FIG. 8 is a schematic cross-sectional view of an embodiment of a photovoltaic module 800 having a diffuser 801 formed on or forward a conductor 101, 102, 103 of a photovoltaic device 100. As illustrated, the photovoltaic device 100 is in an array of photovoltaic devices 100 in a photovoltaic module 800 (like that of FIG. 4). However, diffuser 801 may be formed on the conductor 602 of any photovoltaic device 100 such as an individual photovoltaic cell, on cells in a photovoltaic module, or in a monolithically integrated module, such as a thin film photovoltaic module 500. The diffuser 801 may be formed from any structure with the desired optical function, such as, for example, a hologram (e.g., holographic diffuser), or by roughening the surface of the conductor 602. Alternatively, diffractive optical elements may be used such as diffraction gratings. The diffuser 801 may be a diffusing tape that can be adhered onto the conductors 602. Alternatively, the diffuser 801 may comprise a spray-on diffuser, such as white paint sprayed onto the conductors in addition to imparting a microstructure to the conductors. Other types of diffusers may be employed. The diffuser 801 may diffuse the light in many different directions. In some embodiments, the diffuser 801 may diffuse the light over 180° (i.e., ±90° from normal to the front surface of conductor 602). In some such embodiments, the diffuser 801 may be a Lambertian diffuser and diffuse the light evenly over the 180°. In such embodiments, some light diffused from the Lambertian diffuser will not be incident on a total-internal-reflection surface 606 at an angle greater than the total internal reflection angle and as such will not be redirected to the photovoltaic device. However, a Lambertian diffuser may diffuse enough light so as to be incident on a total-internal-reflection surface 606 at greater than the total internal reflection angle to appreciably improve the efficiency of a photovoltaic device. Since fabricating a pure Lambertian surface may be difficult given current technology, in other embodiments, the diffuser 801 may diffuse the light over a range of angles between 0° and 90° or 90° and 180°. It is understood that many ranges are achievable, but that practical diffusers are not perfect. Therefore, a practical diffuser configured to diffuse incident light, for example, at greater than ±45° from normal, will not diffuse all light at these angles. It is understood that the various ranges referred to indicate that less than 50% peak transmission is diffused (reflected) at angles outside of the given range. In some embodiments, the diffuser 801 may diffuse appreciable light from 50° from normal to as high as 85° degrees from normal. In some embodiments, the intensity of light reflected from the diffuser 801 in some range of angles greater than the total internal reflection angle is greater than 70% of the light intensity reflected at the peak intensity angle (i.e., the angle with maximum reflected intensity). For example, the diffuser 801 may reflect greater than or equal to 70% of the light intensity reflected at the peak intensity angle in the range of 42° to 55° from normal (of the photovoltaic device surface). In some embodiments, the intensity of light reflected from the diffuser 801 in some range of angles greater than the total internal reflection angle is greater than 50% of the light intensity reflected at the peak intensity angle.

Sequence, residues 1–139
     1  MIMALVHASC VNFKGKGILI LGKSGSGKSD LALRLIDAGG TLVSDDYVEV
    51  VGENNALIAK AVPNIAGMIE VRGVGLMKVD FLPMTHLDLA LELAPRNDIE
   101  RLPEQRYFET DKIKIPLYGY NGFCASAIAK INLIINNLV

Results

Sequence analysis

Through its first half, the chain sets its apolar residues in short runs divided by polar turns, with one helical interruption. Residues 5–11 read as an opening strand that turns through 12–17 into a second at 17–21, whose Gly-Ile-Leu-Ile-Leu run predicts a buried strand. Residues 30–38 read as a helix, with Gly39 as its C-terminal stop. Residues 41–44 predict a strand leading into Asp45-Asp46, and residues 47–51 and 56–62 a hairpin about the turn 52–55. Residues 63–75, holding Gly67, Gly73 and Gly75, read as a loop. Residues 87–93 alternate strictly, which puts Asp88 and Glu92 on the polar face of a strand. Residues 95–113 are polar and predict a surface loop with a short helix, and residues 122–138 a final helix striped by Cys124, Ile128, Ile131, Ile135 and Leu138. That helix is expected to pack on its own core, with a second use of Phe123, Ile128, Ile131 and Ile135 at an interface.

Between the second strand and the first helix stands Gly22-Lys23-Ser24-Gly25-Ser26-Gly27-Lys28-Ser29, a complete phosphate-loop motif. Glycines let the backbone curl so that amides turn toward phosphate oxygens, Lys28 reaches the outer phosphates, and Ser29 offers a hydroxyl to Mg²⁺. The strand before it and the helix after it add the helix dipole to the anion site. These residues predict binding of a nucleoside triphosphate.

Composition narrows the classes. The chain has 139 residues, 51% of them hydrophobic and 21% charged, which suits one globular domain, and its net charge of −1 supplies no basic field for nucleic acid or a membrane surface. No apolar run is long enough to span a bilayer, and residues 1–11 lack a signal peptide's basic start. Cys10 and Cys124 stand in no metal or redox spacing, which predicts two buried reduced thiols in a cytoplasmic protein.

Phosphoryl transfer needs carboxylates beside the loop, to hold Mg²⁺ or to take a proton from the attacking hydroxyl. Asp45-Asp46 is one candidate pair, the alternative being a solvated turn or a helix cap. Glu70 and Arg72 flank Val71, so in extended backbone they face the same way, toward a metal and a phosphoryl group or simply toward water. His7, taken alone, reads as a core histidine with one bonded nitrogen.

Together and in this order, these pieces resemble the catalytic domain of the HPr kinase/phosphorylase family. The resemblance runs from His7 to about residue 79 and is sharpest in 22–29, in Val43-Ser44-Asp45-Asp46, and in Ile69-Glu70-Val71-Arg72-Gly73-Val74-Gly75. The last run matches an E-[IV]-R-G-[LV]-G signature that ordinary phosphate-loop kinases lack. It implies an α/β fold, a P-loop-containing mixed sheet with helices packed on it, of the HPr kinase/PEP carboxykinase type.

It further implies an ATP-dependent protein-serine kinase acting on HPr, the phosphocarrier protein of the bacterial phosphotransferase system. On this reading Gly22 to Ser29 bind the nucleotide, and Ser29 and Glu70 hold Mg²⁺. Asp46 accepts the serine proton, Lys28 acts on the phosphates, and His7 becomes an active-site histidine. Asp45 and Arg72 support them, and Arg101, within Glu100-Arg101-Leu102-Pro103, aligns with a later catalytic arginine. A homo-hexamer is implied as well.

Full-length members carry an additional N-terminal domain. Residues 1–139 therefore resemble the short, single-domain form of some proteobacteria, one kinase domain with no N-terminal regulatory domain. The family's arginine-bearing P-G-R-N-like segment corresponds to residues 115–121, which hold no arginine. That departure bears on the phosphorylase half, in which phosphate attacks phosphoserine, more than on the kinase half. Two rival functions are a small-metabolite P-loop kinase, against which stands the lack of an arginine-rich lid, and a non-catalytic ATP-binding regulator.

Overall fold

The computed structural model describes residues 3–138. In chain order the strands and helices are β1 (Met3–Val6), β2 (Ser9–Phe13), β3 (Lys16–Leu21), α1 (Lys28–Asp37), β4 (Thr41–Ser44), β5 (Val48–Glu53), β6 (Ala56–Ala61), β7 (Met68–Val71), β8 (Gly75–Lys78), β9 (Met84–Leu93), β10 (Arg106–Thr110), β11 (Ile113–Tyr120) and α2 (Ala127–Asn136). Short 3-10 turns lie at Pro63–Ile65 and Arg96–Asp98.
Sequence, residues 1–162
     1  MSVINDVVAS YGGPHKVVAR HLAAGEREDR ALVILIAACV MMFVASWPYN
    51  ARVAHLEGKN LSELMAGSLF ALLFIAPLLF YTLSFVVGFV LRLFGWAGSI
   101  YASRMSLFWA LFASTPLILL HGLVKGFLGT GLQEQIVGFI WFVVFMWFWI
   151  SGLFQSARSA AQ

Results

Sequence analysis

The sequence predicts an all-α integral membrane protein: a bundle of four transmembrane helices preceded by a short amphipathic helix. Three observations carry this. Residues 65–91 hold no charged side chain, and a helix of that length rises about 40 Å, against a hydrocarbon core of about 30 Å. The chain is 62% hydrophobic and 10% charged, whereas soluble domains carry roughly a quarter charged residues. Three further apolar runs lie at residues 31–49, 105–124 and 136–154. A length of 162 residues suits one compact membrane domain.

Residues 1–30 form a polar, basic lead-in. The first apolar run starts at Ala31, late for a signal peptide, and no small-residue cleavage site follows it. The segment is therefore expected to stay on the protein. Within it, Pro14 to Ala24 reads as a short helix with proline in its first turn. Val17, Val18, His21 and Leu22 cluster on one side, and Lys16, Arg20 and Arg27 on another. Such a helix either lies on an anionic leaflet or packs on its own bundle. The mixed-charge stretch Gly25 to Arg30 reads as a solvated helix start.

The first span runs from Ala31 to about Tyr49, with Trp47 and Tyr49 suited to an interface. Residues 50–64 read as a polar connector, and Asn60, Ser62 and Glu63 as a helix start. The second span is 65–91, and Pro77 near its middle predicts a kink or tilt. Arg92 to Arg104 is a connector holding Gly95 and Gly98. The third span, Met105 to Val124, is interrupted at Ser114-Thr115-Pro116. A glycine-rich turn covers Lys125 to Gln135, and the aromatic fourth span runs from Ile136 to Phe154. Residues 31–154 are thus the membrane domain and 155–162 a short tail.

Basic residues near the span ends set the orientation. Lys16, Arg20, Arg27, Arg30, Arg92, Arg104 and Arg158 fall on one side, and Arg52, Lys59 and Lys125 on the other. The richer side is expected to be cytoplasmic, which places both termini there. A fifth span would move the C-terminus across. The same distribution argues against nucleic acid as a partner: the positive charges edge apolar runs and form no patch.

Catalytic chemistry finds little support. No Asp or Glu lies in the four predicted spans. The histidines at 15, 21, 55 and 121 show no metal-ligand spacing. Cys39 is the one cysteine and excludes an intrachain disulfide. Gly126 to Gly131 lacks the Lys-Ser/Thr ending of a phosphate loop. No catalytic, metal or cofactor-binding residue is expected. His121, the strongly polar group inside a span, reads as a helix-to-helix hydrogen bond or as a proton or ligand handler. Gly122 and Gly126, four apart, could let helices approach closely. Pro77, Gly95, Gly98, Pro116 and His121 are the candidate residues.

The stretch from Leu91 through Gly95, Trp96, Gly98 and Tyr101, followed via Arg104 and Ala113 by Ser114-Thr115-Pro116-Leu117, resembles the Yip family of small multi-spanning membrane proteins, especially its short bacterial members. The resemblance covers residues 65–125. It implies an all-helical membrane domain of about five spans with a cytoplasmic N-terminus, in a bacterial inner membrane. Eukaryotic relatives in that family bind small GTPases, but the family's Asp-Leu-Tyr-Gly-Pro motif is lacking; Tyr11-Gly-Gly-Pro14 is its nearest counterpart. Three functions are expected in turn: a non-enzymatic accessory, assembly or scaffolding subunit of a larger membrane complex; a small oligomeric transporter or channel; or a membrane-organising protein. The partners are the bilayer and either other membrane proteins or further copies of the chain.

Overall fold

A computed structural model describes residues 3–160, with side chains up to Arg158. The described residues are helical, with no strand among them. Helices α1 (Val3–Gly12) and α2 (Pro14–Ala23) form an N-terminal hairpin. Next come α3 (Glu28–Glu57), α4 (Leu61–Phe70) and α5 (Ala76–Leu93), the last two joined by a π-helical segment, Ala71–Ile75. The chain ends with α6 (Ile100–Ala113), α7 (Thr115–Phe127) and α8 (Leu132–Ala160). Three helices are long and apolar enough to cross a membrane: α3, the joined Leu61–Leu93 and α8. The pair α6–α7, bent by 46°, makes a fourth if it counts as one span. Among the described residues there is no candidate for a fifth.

As illustrated in FIG. 8, the diffuser 801 may allow some of the light reflected from the conductor to be totally internally reflected off of a total-internal-reflection surface 606. As illustrated, the total-internal-reflection surface 606 is formed at the air-glass interface of a cover glass 802 (glass plate) or other high-index plate formed forward of the conductor 101, 102, 103. However, the device may be packaged in other ways. As illustrated, some portion of the light may be reflected normal or near normal to the total-internal-reflection surface 606 and escape. Preferably, the diffuser 801 diffuses a substantial amount of light such that the diffused light is then incident on a total-internal-reflection surface 606 at an angle greater than the critical angle. In any case, even pure Lambertian diffusion can result in a significant improvement in efficiency. Hence, in embodiments where the diffusion is non-Lambertian and the diffuser 801 may diffuse light such that a greater proportion of the light is then incident on a total-internal-reflection surface 606 at an angle greater than the critical angle, even greater improvements in efficiency are possible. For example, in some embodiments, less than 10% of the light is reflected within ±10° of normal.

As illustrated, photovoltaic module 800 comprises photovoltaic devices 100 that are encapsulated in an encapsulation layer 803, often made of EVA. The photovoltaic module 800 also comprises a backsheet 804. Typically, the layers will be surrounded by a frame 805, often made of a metal, such as aluminum. However, in various other embodiments, more or fewer layers may be used, and other suitable materials may also substitute those mentioned above.